It’s not a secret: We don’t like failure. We like success. We crave it. We pine after it. We look for security, identity and even salvation in it.
Whatever the foundation for our search of a pristine resume complete with shelves full of accolades, we all have that numbing ache to do well with and be excellent in each and every endeavor we take on.
In our addiction to success, we shy away from any activity or long-term discipline where the chance of failure is greater than that of a spotless performance. With hyper-vigilance, we monitor the discrepancies that lie between joy-filled reward and heartache-laden risk. After all, the feelings of success are warm and sweet while the feelings of failure are cold and bitter.
When it comes to each of our spiritual journeys, this potent aversion to failure can keep us from dedicated time with God, ingesting His Word and communing with Him to avoid the all-consuming waves of disgust that batter us when we miss one, 10 or 68 days of Bible reading.
We develop a consistent inconsistency, frequent infrequency and firm commitment to being noncommittal for fear of being labeled “fake” or “disingenuous.” After all, if we know we’re going to fail, why even start?
Each year when March arrives, we look at the calendar and all we see is another year of incomplete goals and short-lived promises. Of course we know we need to pray more. We know we need to spend more time feeding on God’s Word. But in our shame, the weight from our lack of discipline breeds sorrow instead of perseverance, insecurity and shame instead of assurance and comfort.
When we’re alone with God we seem to hear more shouts of condemnation than shouts of deliverance (Psalm 32). We feel distant. We feel disgusted. And, in the end, we’re disinterested.
Yet, when we actually open God’s Word, we find good news.
God Does Not Condemn His People
Despite what you might believe, God isn’t waiting to berate you and put your frailties, faults and failures on display for all to witness. When you approach Him each day, His Word replenishes you and brings strength. It doesn’t steal and dismantle.
Instead, God’s Word revives our hearts (Psalm 19:7). John Piper makes this point in Desiring God when he explains the Scripture is clear that we go through a repeated process of restoration and renewal day-in and day-out. Every day will not be the same, much less dripping with palpable feelings of elation.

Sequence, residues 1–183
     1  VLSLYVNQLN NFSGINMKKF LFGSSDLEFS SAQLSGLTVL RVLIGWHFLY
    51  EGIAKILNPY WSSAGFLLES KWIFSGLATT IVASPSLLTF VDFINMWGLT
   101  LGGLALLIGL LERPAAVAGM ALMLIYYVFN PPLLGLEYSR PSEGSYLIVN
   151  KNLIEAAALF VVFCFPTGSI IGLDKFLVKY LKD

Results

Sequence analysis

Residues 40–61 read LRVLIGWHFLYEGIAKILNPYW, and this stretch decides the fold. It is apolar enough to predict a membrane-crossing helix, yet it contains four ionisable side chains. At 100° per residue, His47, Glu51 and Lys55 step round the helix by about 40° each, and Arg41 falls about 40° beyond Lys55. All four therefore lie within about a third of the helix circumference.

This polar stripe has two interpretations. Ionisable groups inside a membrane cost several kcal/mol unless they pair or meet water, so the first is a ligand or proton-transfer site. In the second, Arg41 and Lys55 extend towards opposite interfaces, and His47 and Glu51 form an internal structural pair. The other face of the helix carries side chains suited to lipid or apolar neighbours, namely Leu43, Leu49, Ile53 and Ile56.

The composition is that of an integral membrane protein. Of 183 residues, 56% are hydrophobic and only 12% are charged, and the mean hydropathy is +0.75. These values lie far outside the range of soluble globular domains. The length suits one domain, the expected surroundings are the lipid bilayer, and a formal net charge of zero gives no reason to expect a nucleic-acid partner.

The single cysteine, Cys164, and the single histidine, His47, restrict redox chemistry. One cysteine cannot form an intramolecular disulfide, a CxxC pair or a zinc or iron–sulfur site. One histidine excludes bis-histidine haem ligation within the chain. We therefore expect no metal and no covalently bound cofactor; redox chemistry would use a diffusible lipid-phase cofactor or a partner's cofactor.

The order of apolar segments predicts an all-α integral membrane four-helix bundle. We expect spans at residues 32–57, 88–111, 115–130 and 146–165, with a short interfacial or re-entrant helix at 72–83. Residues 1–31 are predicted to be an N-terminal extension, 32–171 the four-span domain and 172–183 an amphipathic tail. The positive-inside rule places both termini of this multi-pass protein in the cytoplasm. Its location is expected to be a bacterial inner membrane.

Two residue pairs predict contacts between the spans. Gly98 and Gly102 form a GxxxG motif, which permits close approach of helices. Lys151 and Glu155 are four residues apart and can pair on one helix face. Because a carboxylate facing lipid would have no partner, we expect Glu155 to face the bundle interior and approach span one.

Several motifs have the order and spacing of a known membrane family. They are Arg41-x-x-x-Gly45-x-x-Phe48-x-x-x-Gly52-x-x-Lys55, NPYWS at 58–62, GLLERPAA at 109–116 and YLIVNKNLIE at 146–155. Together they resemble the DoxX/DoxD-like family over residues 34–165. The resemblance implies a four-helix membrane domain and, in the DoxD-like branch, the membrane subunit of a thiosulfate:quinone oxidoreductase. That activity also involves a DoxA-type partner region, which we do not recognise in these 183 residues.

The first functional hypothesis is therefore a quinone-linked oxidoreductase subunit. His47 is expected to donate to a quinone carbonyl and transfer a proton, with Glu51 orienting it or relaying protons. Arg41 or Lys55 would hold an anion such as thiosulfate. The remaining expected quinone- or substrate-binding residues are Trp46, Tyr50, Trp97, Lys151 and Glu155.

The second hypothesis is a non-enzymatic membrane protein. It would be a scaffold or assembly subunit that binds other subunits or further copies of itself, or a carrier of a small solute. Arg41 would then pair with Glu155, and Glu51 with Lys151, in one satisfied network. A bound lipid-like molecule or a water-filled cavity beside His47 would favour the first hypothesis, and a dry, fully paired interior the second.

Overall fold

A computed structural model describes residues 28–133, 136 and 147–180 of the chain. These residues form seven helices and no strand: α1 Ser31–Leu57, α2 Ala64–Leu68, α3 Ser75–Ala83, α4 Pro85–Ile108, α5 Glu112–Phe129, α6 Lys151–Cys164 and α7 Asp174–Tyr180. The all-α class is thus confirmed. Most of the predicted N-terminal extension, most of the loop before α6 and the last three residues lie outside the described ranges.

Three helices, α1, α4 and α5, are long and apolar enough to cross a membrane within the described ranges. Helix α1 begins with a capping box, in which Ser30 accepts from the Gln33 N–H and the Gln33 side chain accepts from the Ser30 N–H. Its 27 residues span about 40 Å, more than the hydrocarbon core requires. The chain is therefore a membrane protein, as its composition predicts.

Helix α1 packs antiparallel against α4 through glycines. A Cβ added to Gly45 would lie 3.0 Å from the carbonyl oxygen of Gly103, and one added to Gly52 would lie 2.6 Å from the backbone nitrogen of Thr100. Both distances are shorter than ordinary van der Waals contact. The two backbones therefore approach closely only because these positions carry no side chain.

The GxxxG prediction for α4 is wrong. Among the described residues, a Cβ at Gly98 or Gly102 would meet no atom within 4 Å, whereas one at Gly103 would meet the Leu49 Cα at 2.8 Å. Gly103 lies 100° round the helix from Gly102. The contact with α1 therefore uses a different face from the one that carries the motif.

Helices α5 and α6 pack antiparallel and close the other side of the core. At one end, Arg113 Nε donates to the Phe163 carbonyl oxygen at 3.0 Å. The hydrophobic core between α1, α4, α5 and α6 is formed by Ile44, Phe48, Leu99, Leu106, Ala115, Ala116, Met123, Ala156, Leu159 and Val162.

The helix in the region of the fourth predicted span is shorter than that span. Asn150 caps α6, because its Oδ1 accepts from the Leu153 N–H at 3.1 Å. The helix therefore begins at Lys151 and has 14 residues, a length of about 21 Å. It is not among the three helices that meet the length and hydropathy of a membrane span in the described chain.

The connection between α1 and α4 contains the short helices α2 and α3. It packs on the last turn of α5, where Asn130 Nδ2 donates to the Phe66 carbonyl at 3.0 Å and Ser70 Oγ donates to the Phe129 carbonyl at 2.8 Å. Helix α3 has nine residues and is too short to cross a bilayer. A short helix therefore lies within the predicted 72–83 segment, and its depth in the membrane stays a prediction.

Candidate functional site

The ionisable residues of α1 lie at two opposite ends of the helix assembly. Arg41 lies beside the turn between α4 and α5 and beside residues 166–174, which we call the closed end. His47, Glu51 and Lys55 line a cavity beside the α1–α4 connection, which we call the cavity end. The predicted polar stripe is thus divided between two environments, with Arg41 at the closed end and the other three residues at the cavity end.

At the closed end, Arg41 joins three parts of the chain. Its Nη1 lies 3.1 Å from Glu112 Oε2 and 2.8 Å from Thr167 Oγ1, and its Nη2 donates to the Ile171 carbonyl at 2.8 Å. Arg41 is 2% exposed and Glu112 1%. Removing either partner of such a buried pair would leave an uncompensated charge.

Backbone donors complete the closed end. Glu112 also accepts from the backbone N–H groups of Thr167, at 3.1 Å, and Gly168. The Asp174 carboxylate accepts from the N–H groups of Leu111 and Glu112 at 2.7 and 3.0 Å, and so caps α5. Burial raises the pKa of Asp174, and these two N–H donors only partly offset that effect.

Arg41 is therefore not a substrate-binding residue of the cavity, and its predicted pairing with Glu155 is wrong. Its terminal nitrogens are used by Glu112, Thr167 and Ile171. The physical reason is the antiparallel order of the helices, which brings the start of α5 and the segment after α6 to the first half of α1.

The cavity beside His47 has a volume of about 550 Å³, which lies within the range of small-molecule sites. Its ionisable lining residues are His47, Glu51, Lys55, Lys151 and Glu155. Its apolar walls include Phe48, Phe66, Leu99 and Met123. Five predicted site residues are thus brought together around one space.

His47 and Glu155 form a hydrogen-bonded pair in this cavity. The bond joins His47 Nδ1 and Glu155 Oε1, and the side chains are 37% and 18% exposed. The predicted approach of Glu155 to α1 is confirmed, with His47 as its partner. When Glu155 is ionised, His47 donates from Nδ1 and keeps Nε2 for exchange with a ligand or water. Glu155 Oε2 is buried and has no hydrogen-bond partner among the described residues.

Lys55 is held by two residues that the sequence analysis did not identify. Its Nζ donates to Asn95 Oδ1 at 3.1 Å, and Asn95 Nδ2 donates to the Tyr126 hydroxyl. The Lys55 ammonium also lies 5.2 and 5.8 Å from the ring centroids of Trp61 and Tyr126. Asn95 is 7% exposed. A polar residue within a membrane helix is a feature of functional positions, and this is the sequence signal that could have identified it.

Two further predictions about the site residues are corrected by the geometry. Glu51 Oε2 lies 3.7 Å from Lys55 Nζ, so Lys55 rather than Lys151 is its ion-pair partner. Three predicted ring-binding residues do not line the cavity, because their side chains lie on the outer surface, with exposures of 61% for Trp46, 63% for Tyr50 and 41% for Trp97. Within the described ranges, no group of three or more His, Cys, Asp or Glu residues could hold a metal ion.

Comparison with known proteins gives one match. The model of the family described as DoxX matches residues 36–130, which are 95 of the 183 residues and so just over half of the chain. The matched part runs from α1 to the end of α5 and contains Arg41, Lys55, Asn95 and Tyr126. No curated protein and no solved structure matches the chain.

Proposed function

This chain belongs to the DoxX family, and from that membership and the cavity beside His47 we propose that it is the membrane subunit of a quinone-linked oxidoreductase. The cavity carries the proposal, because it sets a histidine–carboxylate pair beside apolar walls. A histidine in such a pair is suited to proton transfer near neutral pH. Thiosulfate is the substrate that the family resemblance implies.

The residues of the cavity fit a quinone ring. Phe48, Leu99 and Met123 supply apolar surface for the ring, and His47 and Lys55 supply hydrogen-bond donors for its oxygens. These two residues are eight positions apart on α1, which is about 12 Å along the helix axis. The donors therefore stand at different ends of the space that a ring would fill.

Piper says, “When Satan huffs and puffs and tries to blow out the flame of our joy, we have an endless supply of kindling in the Word of God.”
Let God’s Word do what it has the power to do: Bring new life and a wealth of encouragement to you; daily nourishment to a dry and weary soul, no matter how long it’s been since you unfurled its pages.
Instead of pointing His finger at you first thing in the morning to show where you’ve gone wrong and where you’ve fallen (Psalm 130:3-7), God sees that Christ has been perfect in your place and risen from the grave (Psalm 103:10; 2 Cor. 5:21; Galatians 5:1; Ephesians 2:4-5).
Grace Is New Every Day
God’s grace isn’t like your local Redbox; it doesn’t go out of stock and isn’t available for only 24 hours. His Word promises that He starts fresh with you and with me every morning (Lamentations 3:22-23).
Our account of mercy and grace are just as full on the morning after we didn’t get up to read as it was the year before when we were spending two hours a day in Scripture. As Jerry Bridges once said, the moment grace is given out on the basis of merit it ceases to be grace.
Let us not make the mistake of believing that God sets out to treat us the same way the enemy does; His aim isn’t to destroy us but rather to save us. Our gracious God welcomes us each morning with fresh eyes and a clean, swept welcome mat.
Don’t let your sporadic nature and lack of discipline keep you from God’s presence. We can go confidently to Him and rest in His presence, secure in who we are in the Son (Hebrews 4:16).
God Waits Expectantly
Aware of his mistakes, the prodigal son in Luke 15 returns home to confess his selfishness, disrespect and pride to the father he abandoned. He had an entire speech prepared for when he stood before his father to convey his genuine remorse. But before he could even get to the front porch, his father darted down the road to meet his beloved son, greeting him with the warm embrace that only a longing father can give.
His father waited in anticipation for his boy to come back home. No matter how long his son had been gone, no matter what his son had done before, all his mistakes were swallowed up in the loving, forgiving arms of his dad.
It would do our souls a great and glorious good to meditate on this parable when we’re overcome with fear and shame, too nervous to return to God after a season of being gone. Rest in knowing your Heavenly Father is waiting each and every day to embrace you with joy, not burden you with guilt and condemnation.
It doesn’t matter how long you’ve been away. Because of Jesus, feel the freedom to return home without fear and shame.